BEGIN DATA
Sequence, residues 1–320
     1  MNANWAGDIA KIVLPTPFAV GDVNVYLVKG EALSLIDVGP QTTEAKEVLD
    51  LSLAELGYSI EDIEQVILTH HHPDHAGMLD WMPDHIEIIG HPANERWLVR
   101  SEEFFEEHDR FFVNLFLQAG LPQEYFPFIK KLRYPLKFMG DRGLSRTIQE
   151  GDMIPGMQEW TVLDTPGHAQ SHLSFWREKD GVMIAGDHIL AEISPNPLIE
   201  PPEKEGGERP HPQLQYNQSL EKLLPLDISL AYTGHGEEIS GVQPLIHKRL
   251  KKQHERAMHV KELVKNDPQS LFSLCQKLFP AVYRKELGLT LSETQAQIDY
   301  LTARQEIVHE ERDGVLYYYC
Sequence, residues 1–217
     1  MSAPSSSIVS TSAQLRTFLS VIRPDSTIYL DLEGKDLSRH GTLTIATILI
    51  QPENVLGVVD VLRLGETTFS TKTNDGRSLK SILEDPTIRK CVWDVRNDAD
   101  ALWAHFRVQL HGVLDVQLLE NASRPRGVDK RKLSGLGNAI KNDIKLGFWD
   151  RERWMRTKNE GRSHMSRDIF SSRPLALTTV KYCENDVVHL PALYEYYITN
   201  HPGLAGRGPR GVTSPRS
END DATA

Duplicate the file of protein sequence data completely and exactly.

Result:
Sequence, residues 1–320
     1  MNANWAGDIA KIVLPTPFAV GDVNVYLVKG EALSLIDVGP QTTEAKEVLD
    51  LSLAELGYSI EDIEQVILTH HHPDHAGMLD WMPDHIEIIG HPANERWLVR
   101  SEEFFEEHDR FFVNLFLQAG LPQEYFPFIK KLRYPLKFMG DRGLSRTIQE
   151  GDMIPGMQEW TVLDTPGHAQ SHLSFWREKD GVMIAGDHIL AEISPNPLIE
   201  PPEKEGGERP HPQLQYNQSL EKLLPLDISL AYTGHGEEIS GVQPLIHKRL
   251  KKQHERAMHV KELVKNDPQS LFSLCQKLFP AVYRKELGLT LSETQAQIDY
   301  LTARQEIVHE ERDGVLYYYC
Sequence, residues 1–217
     1  MSAPSSSIVS TSAQLRTFLS VIRPDSTIYL DLEGKDLSRH GTLTIATILI
    51  QPENVLGVVD VLRLGETTFS TKTNDGRSLK SILEDPTIRK CVWDVRNDAD
   101  ALWAHFRVQL HGVLDVQLLE NASRPRGVDK RKLSGLGNAI KNDIKLGFWD
   151  RERWMRTKNE GRSHMSRDIF SSRPLALTTV KYCENDVVHL PALYEYYITN
   201  HPGLAGRGPR GVTSPRS